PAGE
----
This new Harvard study is bad news for e-cigarette users everywhere
There’s no way around it: E-cigarettes probably aren’t much better for you than normal cigarettes.
Today, the health journal Environmental Health Perspectives published a new study conducted by researchers at Harvard University’s T.H. Chan School of Public Health concerning additives found in e-cigarettes and the results are not encouraging.
According to their findings, more than 75 percent of flavored e-cigarettes and refill liquids contain diacetyl, an organic compound—known for its buttery taste—that’s often used in creating cotton candy, “Fruit squirts” and cupcake flavoring for e-cigarettes.
Nearly two decades ago, prolonged diacetyl inhalation was definitively linked with “popcorn lung,” a life-threatening, obstructive lung disease most often found in workers at microwave popcorn factories.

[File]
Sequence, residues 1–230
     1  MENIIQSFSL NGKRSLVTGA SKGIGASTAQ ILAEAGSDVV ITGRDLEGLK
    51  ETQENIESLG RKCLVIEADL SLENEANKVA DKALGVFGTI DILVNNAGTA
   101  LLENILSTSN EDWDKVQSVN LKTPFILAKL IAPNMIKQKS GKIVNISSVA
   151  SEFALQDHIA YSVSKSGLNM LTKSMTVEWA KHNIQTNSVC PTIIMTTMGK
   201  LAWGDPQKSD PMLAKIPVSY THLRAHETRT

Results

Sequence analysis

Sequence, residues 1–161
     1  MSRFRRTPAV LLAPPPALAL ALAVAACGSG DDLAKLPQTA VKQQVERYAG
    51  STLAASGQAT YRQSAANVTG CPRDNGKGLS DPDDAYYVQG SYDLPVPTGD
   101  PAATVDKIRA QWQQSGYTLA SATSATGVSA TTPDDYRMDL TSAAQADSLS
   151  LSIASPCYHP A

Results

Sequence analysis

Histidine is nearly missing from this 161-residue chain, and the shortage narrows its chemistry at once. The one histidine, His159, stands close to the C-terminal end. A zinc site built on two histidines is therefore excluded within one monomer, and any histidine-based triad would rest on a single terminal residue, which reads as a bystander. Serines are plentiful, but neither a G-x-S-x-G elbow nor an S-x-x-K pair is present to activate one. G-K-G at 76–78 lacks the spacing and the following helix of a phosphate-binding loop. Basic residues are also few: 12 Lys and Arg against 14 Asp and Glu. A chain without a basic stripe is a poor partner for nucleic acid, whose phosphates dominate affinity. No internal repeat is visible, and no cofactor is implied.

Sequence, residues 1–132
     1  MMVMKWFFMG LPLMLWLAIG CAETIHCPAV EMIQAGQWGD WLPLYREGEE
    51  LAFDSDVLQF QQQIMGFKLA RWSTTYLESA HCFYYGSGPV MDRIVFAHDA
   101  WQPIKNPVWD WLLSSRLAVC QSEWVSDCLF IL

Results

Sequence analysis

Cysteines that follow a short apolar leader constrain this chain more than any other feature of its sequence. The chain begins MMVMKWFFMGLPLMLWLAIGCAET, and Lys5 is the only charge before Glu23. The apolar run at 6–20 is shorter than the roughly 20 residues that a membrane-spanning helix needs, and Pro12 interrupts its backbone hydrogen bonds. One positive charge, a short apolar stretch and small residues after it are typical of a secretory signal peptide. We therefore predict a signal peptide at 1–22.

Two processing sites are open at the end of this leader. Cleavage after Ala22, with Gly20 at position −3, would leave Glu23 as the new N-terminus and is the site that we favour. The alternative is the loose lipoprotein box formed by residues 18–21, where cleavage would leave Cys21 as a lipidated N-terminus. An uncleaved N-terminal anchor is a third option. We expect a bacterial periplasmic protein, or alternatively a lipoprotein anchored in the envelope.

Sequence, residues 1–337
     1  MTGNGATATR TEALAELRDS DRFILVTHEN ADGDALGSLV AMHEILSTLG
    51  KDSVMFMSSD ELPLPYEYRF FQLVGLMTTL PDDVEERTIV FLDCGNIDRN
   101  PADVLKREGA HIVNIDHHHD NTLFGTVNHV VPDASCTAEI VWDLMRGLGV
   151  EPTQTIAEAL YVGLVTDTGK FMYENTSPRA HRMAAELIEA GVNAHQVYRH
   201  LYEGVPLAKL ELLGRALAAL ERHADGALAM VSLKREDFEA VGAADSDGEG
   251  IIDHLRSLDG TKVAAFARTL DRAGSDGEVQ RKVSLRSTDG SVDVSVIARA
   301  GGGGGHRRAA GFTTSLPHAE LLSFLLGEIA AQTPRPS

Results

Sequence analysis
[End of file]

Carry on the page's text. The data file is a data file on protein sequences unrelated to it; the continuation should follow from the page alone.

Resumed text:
In addition to testing for diacetyl, the researchers looked for traces of acetoin and 2,3-pentanedione, two other flavoring compounds that have been deemed potentially dangerous over long periods of exposure by the Flavor and Extract Manufacturers Association. 47 of the 51 products tested contained at least one of the three chemicals.
For now, e-cigarettes and refills—of which there are more than 7,000 on the market—remain woefully unregulated by the Food and Drug Administration (FDA), which means consumers haven’t been properly educated on the dangers of using these increasingly popular products.
“Our findings confirm the presence of diacetyl and other high priority flavoring chemicals in flavored e-cigarettes,” the researchers concluded. “Due to the associations between diacetyl, [popcorn lung], and other severe respiratory diseases observed in workers, urgent action is recommended to further evaluate this potentially widespread exposure via flavored e-cigarettes.”
Let’s hope that the FDA comes to the same conclusion—and soon.
(Image via iStock)